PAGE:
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Messages - Tory Gabriel, Ohio Sea Grant

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FYI- Public Notice from U.S. Army Corps of Engineers regarding dredging Toledo Harbor.  Deadline for public comment is December 15, 2013. 


Thanks esoxal. That open dialog is exactly what we're shooting for, so thanks for the feedback. 

As you know, we're equally concerned with the phosphorus and loading issues, and there are a lot of good scientists working on it from multiple agencies and universities.  It certainly seems to be a simple issue, but the fixes are complex.  It's definitely a priority and we're working on it!

Understood, Wakina.  I think we're on the same page.  :thumbsup:

Just FYI- Here is a somewhat recent article (not too dramatic!) noting the multitude of projects going on right now to counter Asian carps.  It includes projects in the Illinois River lock system, as well as Eagle Marsh (the floodplain you referenced in your last post), and also a couple other high priority areas right here in Ohio that could potentially connect the Ohio River with Lake Erie. 

If you're really a glutton for punishment, here are the actual reports referenced in the article.  Long, acronym filled reads.

Monitoring and Response Plan for Asian Carp in the Upper Illinois River and Chicago Area Waterway System

Asian Carp Control Strategy Framework

Hi Wakina,

While I agree that there's a whole lot of "panic" in articles (and everywhere else!) these days to try to grab attention, I don't quite get the same vibe you do from that article. It sounds to me more like frustration by the author, but most of what is written there has a lot of truth behind it.  Hydrologic separation is being pushed by many groups, and frankly it seems to be the best answer to not only the carp problem but also future invasive species.  And it's certainly not game over yet in regards to Asian carps in Lake Erie, but I'd be much more comfortable if grass carp hadn't spawned in the Sandusky.

My biggest issue with the article is that it has a couple facts mixed up.  For one, the original grass carps stocked way back when were not triploid.  They were in fact diploid, and could reproduce with out any of that Jurassic Park magic.  Also, the article states that until recently, all grass carp found in the Great Lakes have been sterile.  Truth be told, the ploidy of most of these fish were just not often tested until recently, so we don't know if they were diploid or triploid.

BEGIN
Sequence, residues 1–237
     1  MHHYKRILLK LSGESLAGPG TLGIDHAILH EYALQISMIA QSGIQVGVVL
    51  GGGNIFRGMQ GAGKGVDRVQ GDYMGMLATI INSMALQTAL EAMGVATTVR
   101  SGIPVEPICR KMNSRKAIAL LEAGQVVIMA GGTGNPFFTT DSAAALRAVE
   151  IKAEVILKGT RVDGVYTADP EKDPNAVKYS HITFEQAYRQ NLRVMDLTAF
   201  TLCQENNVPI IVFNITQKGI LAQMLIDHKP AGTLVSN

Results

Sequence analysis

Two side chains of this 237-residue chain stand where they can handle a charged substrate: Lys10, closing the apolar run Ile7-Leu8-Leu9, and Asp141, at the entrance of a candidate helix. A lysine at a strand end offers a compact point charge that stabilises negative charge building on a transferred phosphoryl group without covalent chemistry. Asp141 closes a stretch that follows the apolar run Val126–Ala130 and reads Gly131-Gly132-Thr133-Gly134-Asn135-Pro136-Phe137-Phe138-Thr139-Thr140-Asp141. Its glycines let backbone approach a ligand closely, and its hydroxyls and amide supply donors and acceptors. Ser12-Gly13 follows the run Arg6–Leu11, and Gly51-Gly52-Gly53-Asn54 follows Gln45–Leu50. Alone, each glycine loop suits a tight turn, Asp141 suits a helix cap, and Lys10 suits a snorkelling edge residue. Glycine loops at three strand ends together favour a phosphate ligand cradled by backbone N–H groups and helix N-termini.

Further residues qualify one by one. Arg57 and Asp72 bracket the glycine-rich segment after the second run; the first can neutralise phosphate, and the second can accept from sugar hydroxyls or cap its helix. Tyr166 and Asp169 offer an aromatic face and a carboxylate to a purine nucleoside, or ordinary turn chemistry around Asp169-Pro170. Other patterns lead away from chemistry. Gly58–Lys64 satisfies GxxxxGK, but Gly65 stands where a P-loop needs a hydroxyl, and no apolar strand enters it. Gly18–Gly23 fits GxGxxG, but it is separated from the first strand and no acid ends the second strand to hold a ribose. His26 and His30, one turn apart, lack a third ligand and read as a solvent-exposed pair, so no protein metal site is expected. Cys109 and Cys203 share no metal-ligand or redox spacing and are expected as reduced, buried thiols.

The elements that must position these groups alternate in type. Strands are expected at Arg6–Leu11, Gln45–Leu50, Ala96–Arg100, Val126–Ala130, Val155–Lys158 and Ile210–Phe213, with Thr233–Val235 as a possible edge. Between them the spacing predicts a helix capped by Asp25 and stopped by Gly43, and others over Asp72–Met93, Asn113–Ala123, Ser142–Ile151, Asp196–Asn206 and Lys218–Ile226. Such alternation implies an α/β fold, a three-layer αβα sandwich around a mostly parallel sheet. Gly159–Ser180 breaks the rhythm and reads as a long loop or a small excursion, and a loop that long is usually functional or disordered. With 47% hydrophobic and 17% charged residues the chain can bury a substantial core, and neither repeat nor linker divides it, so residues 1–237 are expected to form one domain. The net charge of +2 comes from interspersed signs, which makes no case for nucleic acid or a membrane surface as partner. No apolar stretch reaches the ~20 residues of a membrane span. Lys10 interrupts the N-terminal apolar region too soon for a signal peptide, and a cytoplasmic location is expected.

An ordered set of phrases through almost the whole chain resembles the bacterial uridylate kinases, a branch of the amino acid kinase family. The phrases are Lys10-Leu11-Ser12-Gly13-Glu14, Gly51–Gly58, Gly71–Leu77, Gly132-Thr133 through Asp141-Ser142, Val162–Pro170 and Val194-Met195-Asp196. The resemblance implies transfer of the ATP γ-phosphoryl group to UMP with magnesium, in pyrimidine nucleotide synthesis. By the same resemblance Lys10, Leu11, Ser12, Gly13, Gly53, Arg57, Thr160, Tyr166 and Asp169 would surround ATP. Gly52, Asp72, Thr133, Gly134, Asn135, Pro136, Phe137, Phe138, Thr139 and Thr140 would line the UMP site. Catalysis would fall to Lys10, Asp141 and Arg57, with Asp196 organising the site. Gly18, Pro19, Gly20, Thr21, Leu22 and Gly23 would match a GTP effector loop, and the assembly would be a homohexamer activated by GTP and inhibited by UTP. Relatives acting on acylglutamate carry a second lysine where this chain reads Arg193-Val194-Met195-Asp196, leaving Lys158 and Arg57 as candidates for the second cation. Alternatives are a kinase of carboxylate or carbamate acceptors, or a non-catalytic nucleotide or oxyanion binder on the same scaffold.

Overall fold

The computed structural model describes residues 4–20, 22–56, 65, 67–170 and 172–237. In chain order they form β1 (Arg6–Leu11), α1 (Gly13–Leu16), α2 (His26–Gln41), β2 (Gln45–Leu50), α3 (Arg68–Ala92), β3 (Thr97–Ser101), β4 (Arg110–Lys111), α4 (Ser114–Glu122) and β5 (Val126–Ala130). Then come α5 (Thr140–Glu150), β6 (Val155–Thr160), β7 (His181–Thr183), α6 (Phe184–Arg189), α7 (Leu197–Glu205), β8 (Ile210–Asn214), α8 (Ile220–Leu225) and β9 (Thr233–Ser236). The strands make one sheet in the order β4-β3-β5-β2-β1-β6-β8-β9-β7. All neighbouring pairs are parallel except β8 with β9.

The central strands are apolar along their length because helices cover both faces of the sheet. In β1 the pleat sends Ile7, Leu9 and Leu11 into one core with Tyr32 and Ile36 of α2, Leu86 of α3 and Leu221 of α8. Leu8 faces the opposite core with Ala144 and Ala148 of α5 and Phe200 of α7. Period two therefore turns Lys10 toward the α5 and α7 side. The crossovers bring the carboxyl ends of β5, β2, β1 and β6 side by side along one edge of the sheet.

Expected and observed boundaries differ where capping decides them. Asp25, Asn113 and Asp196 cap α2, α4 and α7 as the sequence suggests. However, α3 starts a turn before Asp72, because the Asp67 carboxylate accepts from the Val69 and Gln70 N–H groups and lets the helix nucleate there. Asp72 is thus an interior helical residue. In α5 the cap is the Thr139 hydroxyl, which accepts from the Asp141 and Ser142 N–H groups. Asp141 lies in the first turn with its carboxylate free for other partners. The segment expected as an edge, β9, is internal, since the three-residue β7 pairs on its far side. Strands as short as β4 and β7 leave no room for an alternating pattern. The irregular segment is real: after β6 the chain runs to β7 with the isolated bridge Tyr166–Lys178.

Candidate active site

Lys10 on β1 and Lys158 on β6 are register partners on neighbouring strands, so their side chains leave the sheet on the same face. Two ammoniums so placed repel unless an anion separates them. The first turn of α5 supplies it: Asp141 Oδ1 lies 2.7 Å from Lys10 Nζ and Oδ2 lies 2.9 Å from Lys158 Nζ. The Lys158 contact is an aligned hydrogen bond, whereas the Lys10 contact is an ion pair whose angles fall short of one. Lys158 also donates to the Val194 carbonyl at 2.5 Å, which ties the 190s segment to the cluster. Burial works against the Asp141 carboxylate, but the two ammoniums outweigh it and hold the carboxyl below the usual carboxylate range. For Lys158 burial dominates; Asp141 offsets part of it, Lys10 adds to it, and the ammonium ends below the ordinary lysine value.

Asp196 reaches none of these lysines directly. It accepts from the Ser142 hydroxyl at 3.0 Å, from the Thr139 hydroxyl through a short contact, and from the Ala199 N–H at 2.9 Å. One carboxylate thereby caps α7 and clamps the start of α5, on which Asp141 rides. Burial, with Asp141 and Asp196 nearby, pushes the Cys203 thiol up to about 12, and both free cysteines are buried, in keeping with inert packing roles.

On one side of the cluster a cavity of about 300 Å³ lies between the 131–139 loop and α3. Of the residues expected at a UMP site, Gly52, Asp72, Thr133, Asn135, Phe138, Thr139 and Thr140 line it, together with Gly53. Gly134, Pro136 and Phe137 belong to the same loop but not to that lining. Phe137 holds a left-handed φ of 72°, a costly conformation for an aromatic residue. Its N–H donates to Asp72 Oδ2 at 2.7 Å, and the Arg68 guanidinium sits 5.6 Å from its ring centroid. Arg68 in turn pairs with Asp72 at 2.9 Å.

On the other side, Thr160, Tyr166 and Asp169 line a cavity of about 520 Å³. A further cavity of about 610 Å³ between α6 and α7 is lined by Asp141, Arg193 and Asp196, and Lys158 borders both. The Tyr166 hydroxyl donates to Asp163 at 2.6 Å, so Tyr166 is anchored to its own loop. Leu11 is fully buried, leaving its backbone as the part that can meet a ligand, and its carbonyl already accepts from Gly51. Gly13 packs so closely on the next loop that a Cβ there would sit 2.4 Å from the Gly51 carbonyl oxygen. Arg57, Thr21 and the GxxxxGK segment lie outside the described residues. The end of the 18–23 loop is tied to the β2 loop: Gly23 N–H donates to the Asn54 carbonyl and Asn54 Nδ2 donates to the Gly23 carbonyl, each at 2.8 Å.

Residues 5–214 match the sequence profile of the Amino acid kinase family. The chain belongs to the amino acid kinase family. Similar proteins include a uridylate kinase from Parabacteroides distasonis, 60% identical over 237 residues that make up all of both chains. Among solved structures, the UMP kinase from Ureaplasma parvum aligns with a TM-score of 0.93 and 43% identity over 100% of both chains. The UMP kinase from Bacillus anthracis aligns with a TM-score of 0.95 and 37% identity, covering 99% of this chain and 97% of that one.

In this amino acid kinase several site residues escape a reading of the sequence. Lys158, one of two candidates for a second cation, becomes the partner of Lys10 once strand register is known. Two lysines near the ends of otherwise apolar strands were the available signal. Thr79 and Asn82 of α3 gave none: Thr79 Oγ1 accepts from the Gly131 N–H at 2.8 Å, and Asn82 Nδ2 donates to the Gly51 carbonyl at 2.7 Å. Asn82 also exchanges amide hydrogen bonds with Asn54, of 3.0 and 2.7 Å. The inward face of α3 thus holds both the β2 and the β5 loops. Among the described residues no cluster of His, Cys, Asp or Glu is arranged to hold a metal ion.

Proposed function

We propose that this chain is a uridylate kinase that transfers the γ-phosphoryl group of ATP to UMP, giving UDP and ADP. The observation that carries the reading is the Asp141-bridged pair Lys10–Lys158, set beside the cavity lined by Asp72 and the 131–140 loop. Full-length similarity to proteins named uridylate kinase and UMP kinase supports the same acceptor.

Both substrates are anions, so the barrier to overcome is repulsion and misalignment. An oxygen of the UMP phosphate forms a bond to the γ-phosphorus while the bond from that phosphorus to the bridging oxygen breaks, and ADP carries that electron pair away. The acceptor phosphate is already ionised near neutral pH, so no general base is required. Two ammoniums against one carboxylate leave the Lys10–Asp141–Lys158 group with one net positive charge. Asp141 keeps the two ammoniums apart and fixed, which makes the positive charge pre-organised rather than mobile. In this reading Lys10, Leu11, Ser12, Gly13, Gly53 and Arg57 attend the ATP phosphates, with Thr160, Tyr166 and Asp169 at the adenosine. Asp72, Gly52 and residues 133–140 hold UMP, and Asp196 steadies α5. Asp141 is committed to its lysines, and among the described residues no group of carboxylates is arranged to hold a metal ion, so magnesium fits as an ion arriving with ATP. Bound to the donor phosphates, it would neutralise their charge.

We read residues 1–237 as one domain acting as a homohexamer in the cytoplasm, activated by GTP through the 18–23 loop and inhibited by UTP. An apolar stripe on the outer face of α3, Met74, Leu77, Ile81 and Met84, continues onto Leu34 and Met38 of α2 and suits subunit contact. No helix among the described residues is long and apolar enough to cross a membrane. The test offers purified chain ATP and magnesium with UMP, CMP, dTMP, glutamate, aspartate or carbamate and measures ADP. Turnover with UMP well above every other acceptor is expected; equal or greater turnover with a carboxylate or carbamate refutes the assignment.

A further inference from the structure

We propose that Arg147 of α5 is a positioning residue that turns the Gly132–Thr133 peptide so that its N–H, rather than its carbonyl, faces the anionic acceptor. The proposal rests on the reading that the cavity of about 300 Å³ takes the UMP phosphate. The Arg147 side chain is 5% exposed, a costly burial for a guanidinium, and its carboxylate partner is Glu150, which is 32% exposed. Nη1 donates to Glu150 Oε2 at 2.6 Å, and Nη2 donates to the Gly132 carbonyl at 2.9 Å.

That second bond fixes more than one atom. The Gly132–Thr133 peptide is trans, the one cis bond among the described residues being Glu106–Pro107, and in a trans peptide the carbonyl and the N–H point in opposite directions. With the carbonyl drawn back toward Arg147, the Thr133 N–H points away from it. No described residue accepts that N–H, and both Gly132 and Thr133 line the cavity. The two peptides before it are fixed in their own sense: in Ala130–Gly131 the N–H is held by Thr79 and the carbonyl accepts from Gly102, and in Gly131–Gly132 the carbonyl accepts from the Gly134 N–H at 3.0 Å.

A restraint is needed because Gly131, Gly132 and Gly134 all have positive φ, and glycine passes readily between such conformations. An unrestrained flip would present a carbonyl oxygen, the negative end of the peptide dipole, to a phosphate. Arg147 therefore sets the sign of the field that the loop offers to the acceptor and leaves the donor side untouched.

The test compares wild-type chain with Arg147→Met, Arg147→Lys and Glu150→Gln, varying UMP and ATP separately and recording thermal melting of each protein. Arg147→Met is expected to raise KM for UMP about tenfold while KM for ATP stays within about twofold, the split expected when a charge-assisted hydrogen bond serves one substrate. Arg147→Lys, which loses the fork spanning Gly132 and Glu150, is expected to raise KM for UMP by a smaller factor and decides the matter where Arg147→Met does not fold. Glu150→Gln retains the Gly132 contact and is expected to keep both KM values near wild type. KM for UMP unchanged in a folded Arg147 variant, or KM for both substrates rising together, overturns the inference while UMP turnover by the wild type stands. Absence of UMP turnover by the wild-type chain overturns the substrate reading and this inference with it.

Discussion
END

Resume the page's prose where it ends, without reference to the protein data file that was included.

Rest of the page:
The likely scenario here is that diploid grass carp were illegally shipped with legal triploid grass carp, and managed to escape or get released.  Unfortunately, some of them also managed to find suitable spawning habitat and conditions.  Hopefully this was a result of unique conditions that aren't often present, and hopefully there aren't enough diploid grass carp out there to create a self sustaining population. 

Thanks for posting. 

While it's true that just because a certain percentage of a population backing a theory does not make it an infallible truth, it's also true that there aren't really any "infallible truths" in science.  And we very much agree that most scientists are skeptics, as we need to be convinced with data.  That does not, however, necessarily equate to being in a "minority camp".  Good science does indeed invite dissent and demand accountability, in the form of data. 

There seems to be a decent amount of data backing climate change, and we are presented with more on a pretty routine basis.  Just for instance, the relatively rapid warming of Lake Superior (article here.) We're also seeing more frequent, and more intense storms throughout the region, which lead to more runoff and therefore more nutrient loading. Another example is increased habitat for, and populations of, largemouth bass in Lake Erie where we used to find smallmouth bass. 

Do these few examples prove that climate change is real?  No.  But it is data that backs the hypothesis.  Most scientists I work with agree that climate change is occurring, and they've reached that point by poring over data presented to them.  If current trends continue, there are potential major environmental and community development/economic impacts that we'll need to deal with.  It's better to head off these impacts where we can by using the data available to us and planning accordingly.